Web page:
Corsi? PDO? Explaining some of hockey’s analytics terms


Winnipeg Jets' Patrik Laine, of Finland, celebrates a goal. (Michael Dwyer/AP)

Analytics are used by NHL teams to help assess players, plot tactics and prepare for opponents. With these advanced statistics becoming more mainstream among fans and media, The Canadian Press takes a look at some of the more common terms in today’s hockey world.


First developed by former Buffalo Sabres goalie coach Jim Corsi, this advanced statistic includes not only shots on goal, but also ones that were blocked by a defender or missed the net with teams playing 5-on-5. The statistic — officially termed “even-strength shot differential” by the NHL — has become a barometer for how much a team has the puck. If a player has a lower shot differential, in theory his team is more likely to be in the defensive zone when he’s on the ice.

There is also tracking for even-strength shot differential when a team is trailing, tied, ahead or in a close game. A team that’s winning might sit back more often, while one tied or ahead is more likely to press offensively. Calgary Flames defenceman Mark Giordano had an overall 57.63 shot differential percentage at even strength to lead the league last season, while the Carolina Hurricanes topped the NHL in even-strength shot differential at 54.45 per cent.



Dubbed “unblocked shot attempts” by the NHL, this statistic is similar to Corsi except that, as the name suggests, it only includes shots that make it through to a goalie and miss the net — not the ones that hit a player in front. Like Corsi, there are variable categories for when a team is tied, trailing, ahead or involved in a close game. The Boston Bruins led this category last season at 53.80 per cent, slightly edging out the Flames (53.32) and Hurricanes (53.17).


This statistic adds together a team’s shooting and save percentages at 5-on-5. The NHL terms this stat “shooting plus save percentage.” The shooting percentage represents the frequency a team scores on one of its shots, while the save percentage is the frequency of saves made by its goalies.

The Tampa Bay Lightning had a 5-on-5 shooting percentage of 9.4 last season and a save percentage of 92.9. Those numbers added up equal 102.3. The stat is then multiplied by ten, giving the Lightning the highest PDO at 1023. The Toronto Maple Leafs were second at 1019, while the Nashville Predators were third at 1018.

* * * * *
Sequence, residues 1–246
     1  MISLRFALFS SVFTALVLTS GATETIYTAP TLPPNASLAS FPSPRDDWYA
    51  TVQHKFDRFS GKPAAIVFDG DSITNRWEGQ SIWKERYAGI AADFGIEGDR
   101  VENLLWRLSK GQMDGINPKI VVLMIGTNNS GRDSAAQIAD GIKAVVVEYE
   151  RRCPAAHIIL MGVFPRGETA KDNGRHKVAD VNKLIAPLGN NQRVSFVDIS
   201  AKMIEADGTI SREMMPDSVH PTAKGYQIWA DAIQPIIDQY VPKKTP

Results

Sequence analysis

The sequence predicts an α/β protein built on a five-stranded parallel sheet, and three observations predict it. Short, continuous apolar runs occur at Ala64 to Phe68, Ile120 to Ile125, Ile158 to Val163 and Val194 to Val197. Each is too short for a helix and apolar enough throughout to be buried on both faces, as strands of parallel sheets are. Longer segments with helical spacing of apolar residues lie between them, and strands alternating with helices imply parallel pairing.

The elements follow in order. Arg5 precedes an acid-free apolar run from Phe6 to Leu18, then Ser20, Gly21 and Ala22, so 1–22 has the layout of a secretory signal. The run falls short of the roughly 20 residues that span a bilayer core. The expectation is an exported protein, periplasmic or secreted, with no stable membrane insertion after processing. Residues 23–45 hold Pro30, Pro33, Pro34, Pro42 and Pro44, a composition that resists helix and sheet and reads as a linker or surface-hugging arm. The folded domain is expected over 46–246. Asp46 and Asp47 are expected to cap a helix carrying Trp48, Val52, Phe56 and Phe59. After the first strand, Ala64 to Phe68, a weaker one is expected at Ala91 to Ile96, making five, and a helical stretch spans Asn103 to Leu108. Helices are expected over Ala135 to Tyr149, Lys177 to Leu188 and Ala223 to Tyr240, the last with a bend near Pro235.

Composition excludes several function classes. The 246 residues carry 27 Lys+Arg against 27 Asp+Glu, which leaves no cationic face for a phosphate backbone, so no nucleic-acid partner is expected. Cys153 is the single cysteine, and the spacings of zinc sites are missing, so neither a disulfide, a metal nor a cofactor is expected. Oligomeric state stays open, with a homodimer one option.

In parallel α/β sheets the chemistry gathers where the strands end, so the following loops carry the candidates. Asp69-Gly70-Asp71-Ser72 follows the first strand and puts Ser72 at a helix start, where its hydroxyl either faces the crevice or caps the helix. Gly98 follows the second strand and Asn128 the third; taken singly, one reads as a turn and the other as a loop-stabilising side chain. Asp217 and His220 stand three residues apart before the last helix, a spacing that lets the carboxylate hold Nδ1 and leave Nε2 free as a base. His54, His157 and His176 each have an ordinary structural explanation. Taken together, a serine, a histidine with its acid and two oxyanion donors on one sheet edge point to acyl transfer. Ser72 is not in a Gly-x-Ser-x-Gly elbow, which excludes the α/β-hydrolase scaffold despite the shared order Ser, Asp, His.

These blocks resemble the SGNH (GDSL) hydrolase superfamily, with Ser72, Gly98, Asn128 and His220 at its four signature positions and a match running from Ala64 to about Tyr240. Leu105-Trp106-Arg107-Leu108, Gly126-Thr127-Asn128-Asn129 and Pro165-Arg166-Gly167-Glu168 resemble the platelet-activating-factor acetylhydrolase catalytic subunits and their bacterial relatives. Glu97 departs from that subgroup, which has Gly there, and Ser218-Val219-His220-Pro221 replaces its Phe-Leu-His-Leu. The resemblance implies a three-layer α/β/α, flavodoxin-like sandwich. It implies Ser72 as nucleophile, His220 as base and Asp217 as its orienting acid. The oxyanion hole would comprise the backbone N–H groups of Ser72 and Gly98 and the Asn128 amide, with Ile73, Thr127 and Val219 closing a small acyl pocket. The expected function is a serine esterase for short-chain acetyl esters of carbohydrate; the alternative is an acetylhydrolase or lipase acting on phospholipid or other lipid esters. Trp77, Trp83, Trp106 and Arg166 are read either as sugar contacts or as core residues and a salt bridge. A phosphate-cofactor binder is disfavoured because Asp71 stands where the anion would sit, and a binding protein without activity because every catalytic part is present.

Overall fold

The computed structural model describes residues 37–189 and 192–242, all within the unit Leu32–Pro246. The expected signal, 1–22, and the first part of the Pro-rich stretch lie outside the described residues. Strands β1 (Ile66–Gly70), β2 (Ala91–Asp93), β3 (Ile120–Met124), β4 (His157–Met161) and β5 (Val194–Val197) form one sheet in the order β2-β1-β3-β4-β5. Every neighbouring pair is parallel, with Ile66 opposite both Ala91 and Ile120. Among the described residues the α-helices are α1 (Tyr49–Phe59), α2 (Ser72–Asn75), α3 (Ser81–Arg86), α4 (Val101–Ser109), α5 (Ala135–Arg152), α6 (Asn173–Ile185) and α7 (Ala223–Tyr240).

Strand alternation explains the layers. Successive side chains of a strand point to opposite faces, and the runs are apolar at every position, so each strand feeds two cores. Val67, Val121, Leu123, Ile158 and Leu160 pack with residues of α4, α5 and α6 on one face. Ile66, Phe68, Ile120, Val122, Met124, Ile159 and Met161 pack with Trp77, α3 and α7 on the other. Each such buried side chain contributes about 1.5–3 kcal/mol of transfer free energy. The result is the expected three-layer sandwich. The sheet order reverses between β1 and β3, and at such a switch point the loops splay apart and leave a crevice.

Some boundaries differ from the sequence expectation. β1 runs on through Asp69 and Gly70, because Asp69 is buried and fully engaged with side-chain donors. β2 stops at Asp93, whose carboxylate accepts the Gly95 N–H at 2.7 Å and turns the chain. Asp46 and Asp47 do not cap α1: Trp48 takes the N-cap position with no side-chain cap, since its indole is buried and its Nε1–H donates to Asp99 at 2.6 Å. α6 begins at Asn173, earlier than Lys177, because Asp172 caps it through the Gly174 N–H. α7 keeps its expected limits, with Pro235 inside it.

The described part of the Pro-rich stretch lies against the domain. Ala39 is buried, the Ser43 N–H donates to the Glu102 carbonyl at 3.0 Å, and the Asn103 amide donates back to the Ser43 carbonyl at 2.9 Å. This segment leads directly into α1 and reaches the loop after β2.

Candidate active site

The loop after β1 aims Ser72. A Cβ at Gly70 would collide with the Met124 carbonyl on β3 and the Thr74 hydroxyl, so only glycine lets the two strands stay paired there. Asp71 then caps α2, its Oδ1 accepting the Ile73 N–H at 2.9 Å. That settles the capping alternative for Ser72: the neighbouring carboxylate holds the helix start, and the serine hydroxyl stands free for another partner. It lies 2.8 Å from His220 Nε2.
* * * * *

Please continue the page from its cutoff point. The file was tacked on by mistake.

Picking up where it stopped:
Because the combined shot and save percentages of the league’s 31 teams will always equal 100 per cent — a shot on goal either goes in or it doesn’t — a club above that number can usually expect a regression over a large enough sample size, while one below can expect the opposite.

The stat is also applied to players, with Toronto’s Auston Matthews leading the way last season at 1070 followed by linemate William Nylander at 1058.


These stats track the number of goals, assists or points a player records for every 60 minutes of ice time. A player with a high rate, but lower ice time might be in line for an increased number of shifts. Pittsburgh Penguins star Evgeni Malkin led the league with 3.97 points per 60 minutes last season.


This stat shows how often a player starts a shift in the offensive zone after a whistle. A player with a higher percentage of offensive zone starts should in theory have more chances to score, while one with more defensive zone starts has further to go to get into scoring position. Vancouver Canucks centre Henrik Sedin led the NHL in offensive zone starts last season at 72.88 per cent, while defensive-minded teammate Brandon Sutter came in at just 22.65 per cent. This stat does not include neutral zone draws.

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